Around Green County, they're known as the "Buholzer Boys" and boy, do they know how to make cheese.
Klondike Cheese has been a fixture in Monroe, Wis., since 1925. Today, venerable Master Cheesemaker Ron Buholzer and his brothers Steve and Dave, own this third-generation Wisconsin cheese company, with a fourth generation involved in day-to-day operations and ready to someday take over the reins.
The Buholzer Boys, as they are fondly called, are some the nicest, most fun guys you're ever going to meet. In fact, the term "he'd give the shirt off his back," was probably crafted just for them.
Klondike Cheese flies mostly under the radar of the media and even consumers. Google Klondike and the you'll find information about ice cream bars, a solitaire web game, and the gold rush in the Yukon Territory in 1897, but no cheese. You also will most likely never find a Klondike cheese label in the marketplace -- despite the fact this company makes 35 million pounds of feta, muenster, brick and havarti cheese annually.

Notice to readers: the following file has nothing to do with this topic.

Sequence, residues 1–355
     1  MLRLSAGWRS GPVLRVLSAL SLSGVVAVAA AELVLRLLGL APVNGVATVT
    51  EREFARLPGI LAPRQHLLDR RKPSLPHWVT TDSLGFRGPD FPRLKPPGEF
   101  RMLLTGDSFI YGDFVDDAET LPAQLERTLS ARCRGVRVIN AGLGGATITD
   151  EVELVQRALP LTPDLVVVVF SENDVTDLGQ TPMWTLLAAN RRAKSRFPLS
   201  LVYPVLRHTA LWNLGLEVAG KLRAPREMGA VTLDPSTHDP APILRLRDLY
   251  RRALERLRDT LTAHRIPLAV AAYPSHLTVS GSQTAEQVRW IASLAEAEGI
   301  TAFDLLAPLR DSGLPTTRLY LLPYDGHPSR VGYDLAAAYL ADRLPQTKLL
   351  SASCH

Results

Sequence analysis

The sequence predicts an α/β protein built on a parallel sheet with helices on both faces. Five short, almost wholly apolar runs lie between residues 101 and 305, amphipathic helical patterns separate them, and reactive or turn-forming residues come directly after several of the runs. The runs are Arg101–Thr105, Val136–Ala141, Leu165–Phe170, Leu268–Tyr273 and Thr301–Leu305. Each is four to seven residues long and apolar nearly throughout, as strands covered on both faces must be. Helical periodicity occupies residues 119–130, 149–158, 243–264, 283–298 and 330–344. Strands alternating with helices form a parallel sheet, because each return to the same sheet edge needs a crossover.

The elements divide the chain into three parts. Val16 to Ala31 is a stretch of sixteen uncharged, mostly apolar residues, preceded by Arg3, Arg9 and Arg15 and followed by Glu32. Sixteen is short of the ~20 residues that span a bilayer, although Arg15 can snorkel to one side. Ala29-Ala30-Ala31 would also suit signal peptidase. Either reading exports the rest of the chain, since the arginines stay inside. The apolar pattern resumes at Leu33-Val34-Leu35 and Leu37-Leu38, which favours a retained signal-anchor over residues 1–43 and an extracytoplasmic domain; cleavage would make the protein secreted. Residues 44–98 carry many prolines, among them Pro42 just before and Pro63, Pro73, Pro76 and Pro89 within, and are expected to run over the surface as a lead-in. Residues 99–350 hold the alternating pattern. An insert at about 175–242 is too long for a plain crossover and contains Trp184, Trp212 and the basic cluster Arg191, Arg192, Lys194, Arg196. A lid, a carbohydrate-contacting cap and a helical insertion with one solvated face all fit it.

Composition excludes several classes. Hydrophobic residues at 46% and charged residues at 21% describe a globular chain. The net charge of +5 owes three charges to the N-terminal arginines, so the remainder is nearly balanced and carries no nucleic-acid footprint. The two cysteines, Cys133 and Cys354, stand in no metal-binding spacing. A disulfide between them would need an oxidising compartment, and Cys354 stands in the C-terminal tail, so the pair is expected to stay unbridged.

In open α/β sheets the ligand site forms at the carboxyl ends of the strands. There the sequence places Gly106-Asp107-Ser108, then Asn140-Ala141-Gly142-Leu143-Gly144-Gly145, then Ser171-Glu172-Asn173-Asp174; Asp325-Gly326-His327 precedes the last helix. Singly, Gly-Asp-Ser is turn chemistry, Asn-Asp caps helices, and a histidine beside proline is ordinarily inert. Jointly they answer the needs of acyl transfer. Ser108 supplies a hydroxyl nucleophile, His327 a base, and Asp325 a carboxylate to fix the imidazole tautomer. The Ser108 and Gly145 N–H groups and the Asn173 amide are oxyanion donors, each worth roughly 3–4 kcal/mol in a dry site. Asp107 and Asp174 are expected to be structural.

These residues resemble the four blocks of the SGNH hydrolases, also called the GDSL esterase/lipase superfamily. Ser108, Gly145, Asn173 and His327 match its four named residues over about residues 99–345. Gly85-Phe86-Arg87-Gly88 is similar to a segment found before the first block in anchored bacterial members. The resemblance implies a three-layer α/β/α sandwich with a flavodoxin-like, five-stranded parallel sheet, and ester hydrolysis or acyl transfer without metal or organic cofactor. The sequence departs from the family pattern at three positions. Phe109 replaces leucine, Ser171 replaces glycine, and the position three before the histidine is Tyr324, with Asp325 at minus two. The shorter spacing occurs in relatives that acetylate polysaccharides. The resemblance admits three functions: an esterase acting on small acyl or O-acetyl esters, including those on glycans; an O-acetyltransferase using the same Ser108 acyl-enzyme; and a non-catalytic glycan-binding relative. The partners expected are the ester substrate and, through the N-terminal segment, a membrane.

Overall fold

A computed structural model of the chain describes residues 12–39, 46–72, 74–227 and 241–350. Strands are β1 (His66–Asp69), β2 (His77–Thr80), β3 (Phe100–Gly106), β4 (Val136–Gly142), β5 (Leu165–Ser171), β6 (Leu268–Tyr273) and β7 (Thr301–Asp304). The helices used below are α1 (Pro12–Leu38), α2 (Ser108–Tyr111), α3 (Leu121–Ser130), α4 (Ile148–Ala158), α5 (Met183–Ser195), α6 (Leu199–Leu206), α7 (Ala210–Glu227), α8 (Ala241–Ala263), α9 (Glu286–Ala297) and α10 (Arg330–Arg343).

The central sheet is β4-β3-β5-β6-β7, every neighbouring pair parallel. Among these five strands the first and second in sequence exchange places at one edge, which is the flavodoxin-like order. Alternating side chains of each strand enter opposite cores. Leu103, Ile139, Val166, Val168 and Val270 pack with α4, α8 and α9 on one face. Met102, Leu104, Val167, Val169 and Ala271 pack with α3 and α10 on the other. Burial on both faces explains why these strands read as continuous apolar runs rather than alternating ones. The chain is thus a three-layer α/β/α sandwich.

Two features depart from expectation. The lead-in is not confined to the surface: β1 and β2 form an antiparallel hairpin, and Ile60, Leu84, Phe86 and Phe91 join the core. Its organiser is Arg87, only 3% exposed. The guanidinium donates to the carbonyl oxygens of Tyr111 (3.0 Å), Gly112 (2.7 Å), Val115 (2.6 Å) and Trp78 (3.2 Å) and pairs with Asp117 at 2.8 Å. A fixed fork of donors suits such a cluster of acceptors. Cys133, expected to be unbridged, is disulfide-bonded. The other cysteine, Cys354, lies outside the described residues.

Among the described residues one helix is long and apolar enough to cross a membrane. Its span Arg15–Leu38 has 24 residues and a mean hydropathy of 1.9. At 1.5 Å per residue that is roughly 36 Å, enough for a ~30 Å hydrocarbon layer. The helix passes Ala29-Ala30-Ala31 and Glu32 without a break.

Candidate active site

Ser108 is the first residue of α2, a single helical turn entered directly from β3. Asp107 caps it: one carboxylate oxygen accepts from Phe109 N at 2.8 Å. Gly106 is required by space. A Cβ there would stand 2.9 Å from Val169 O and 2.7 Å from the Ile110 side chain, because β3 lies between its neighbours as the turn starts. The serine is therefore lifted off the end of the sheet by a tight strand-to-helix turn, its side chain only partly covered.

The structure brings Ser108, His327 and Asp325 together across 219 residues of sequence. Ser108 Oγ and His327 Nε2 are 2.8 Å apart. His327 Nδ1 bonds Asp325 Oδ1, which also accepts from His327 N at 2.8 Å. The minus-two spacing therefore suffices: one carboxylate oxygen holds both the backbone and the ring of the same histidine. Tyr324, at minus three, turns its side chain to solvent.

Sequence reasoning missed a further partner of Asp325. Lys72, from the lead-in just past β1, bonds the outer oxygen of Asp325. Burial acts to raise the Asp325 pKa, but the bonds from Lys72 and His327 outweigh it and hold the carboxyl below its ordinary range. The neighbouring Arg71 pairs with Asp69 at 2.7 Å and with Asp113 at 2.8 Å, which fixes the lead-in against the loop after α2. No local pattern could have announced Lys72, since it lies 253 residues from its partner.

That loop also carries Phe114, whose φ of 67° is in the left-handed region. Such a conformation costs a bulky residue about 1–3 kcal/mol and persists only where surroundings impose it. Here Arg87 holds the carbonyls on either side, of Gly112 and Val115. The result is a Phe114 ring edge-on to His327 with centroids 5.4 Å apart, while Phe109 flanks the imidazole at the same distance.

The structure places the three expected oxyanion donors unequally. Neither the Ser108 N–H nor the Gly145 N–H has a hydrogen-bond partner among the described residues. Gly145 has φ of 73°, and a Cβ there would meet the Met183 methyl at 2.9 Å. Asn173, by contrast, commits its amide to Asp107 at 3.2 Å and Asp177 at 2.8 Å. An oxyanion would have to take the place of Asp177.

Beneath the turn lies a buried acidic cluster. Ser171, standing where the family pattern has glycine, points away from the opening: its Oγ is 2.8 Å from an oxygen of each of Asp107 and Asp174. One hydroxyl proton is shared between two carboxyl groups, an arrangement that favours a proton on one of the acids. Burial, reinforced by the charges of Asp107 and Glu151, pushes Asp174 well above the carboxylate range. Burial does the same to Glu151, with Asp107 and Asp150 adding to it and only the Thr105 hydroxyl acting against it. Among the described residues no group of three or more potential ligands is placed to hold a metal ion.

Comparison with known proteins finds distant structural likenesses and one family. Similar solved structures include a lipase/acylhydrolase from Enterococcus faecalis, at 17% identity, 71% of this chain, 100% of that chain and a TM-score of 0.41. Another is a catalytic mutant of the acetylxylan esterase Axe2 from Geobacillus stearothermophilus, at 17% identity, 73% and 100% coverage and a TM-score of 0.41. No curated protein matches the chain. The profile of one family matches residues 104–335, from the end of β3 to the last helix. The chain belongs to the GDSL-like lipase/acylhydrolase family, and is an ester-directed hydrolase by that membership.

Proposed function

That's because the 1.28 million gallons of milk from 85 locally family-owned dairy farms that Klondike turns into cheese every month is sold under as 100 different private labels -- buyers purchasing Klondike cheese and putting their own labels on it. Their feta is sold under the popular "Odyssey" brand.
There's no doubt about it -- the Buholzer boys make good cheese, evidenced by the many awards they've won over the years. This past year, they were named the Small Business of the year by the SBA and earlier this month, Ron was interviewed by the BBC as one of five U.S. business men and women asked to give their opinion on the upcoming presidential election.
The Buholzers also believe in buying locally whenever possible to support their local economy and other small family owned businesses in their community. They are members of countless industry organizations, have served on numerous boards, and have given generously to local charities and organizations, although you'd rarely know it because they fly under the radar and do most of it anonymously.
The end product -- high quality cheese -- is what's important to the Buholzers. Making cheese, even with automated equipment, is still an art. It's not something you learn out of a book. It takes years to do it right.
So the next time you buy Odyssey feta or one of the various private labels of havarti, brick or muenster coming out of Wisconsin, there's a good chance you're eating Klondike cheese. Be sure to thank the Buholzer boys.